Press kit: the votive offerings

The history of pre-AD 79 Pompeii reconstructed through ex-votos

An unknown chapter in the history of Pompeii before AD 79 can now be reconstructed through the votive offerings which have been rediscovered in the sanctuaries. Objects hailing from all over the Mediterranean have been found, including weapons, pottery with Etruscan inscriptions and jewellery given as an offering for the most important phases of life: from the passage from childhood to adulthood, marriage, the first child and to the initiation of arms.

These are objects well known to history, but they have been discovered in great numbers in the excavations which have recently been conducted within the sacred areas of Pompeii (the Sanctuary of Apollo, Athena and Hercules and the Capitolium) and in many cases they have been found intact, particularly in the Suburban Sanctuary of Fondo Iozzino, where they have been found almost as if in the moment of their deposition, and date to the long period between the 6th century to at least the beginning of the first century BC.

The Sanctuary, located in the heart of the modern city in what was once a Iozzino owned quarry for the extraction of lapilli, has been studied on many occasions since 1960, and since 2014 has borne witness to thorough and continuous research.

Recent investigations have focused on the space between the two sacred precincts, and have brought to light a layer of activity dating back to the 6th century BC, in which a great many bronze and iron weapons have been found. Ceramic pottery, particularly in bucchero, has also been found, intentionally deposited, including examples of brochettes, kantharoi and bowls. Among the weapons: short swords, around twenty spearheads made of iron, and sometimes with bronze handles, javelin tips, an iron sceptre - exceedingly rare in Southern Italy - and a large bronze shield with a decorated inner band into which the arm was placed.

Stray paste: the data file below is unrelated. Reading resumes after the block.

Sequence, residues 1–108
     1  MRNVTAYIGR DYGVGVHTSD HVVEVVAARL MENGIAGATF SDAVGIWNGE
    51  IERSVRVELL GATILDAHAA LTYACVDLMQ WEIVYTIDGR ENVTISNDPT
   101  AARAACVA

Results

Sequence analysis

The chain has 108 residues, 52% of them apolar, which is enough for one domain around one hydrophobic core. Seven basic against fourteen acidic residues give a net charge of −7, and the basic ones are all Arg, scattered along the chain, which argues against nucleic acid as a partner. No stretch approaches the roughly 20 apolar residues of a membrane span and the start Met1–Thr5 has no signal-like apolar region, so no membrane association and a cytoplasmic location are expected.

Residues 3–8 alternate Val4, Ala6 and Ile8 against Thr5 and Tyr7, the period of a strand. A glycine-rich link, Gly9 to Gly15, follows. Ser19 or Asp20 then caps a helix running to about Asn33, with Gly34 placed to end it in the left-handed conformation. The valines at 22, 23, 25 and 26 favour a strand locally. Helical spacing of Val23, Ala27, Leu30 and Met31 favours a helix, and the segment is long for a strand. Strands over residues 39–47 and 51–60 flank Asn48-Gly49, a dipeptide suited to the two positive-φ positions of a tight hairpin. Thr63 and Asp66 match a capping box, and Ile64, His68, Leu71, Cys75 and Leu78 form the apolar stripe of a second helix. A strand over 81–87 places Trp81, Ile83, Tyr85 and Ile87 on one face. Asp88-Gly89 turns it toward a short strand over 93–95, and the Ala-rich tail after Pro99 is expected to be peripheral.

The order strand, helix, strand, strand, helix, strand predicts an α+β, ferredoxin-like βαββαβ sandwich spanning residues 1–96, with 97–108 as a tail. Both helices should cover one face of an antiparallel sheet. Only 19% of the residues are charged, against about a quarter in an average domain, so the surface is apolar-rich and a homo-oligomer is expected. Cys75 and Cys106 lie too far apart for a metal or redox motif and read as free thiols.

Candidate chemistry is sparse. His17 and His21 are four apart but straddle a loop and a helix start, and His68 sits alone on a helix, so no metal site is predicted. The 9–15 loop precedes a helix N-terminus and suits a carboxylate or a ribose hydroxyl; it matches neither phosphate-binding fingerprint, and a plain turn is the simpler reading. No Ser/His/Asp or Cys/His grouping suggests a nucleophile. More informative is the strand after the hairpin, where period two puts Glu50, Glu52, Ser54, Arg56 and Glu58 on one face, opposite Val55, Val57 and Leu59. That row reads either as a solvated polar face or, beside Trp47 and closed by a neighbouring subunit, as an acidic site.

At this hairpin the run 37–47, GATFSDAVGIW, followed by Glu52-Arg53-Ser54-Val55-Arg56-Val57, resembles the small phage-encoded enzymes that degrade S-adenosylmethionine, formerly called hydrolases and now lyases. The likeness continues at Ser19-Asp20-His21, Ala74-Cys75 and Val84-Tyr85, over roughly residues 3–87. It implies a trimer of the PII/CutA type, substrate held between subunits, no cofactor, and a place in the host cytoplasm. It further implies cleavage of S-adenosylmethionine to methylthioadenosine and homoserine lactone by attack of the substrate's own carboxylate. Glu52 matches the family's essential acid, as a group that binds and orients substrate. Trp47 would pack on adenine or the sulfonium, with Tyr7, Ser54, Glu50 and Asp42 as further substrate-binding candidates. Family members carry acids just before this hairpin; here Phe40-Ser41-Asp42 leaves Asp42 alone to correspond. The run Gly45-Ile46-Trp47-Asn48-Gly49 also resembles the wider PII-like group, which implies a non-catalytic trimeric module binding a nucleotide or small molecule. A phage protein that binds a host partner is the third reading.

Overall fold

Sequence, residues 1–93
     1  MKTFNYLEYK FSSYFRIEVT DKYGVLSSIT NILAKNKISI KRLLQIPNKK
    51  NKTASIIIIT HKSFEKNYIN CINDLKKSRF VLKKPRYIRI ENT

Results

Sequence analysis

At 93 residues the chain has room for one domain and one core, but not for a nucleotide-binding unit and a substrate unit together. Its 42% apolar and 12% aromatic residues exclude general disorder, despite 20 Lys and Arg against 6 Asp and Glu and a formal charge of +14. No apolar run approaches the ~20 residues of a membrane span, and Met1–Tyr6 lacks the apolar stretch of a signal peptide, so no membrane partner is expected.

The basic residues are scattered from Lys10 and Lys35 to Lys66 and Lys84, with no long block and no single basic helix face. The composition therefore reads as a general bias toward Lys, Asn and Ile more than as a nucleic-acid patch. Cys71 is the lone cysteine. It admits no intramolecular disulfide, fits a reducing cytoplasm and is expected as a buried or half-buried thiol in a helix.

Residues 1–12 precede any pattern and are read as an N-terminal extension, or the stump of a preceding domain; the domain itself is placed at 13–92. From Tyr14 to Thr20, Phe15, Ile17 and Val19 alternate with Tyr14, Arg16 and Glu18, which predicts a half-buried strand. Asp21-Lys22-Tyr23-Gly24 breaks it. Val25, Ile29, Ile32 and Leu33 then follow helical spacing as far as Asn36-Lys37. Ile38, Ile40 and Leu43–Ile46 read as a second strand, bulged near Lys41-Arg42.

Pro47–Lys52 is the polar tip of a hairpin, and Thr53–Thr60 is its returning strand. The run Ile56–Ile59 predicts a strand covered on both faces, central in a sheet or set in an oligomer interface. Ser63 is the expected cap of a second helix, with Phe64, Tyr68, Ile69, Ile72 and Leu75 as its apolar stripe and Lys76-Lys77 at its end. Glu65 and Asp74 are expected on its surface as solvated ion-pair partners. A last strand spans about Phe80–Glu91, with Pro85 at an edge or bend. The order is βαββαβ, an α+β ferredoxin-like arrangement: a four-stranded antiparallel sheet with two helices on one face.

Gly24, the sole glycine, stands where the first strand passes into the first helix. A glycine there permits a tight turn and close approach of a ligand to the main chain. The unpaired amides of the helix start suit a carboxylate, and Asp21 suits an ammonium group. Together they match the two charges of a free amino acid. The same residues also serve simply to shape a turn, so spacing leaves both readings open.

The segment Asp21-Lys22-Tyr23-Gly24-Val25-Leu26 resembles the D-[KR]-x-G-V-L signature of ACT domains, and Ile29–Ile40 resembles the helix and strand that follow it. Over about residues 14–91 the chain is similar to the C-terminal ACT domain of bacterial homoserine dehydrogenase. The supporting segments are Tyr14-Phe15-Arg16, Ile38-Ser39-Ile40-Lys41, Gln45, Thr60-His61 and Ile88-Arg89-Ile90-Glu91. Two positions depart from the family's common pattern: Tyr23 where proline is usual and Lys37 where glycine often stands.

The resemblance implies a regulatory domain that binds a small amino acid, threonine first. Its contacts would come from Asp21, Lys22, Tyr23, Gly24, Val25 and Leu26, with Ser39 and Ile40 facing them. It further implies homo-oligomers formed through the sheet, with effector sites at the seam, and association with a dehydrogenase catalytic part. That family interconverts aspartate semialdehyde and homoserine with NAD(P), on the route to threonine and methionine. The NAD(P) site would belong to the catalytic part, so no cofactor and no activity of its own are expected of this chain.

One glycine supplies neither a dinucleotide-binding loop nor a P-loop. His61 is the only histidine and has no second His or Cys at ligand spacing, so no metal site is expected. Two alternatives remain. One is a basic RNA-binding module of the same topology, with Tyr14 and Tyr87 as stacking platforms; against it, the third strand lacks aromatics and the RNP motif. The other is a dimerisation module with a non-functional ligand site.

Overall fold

The most striking aspect of the finds dated to the Archaic Age is the sheer quantity of bucchero pottery with engraved inscriptions in the Etruscan language, which represents the largest corpus of Etruscan inscriptions yet found in a single context in Southern Italy. The bucchero pottery was employed in sacrifices which saw offerings of red or white wine, or herbal infusions, to the gods.

The inscriptions were made on the basin and on the feet of the bowls and banquet vases, which after usage were deposited upside down on the ground.

These inscriptions reveal the names of those who made the offerings - Etruscans who also came from Tuscany, and of the deities to whom the sanctuary was dedicated - the god ‘apa’ or ‘father’ - perhaps Jupiter Meilichios. Beside these inscriptions there are also numerous engraved symbols, such as crosses, five-pointed stars, asterisks and tree saplings. Together with these offerings, jewellery such as silver or gold rings with decorated stones have been found, and pottery hailing from all over the Ancient Mediterranean: black varnished ceramic from Attica, perfume vases from Corinth, legged ointment containers from the Ionian world and Etrusco-Corinthan cups.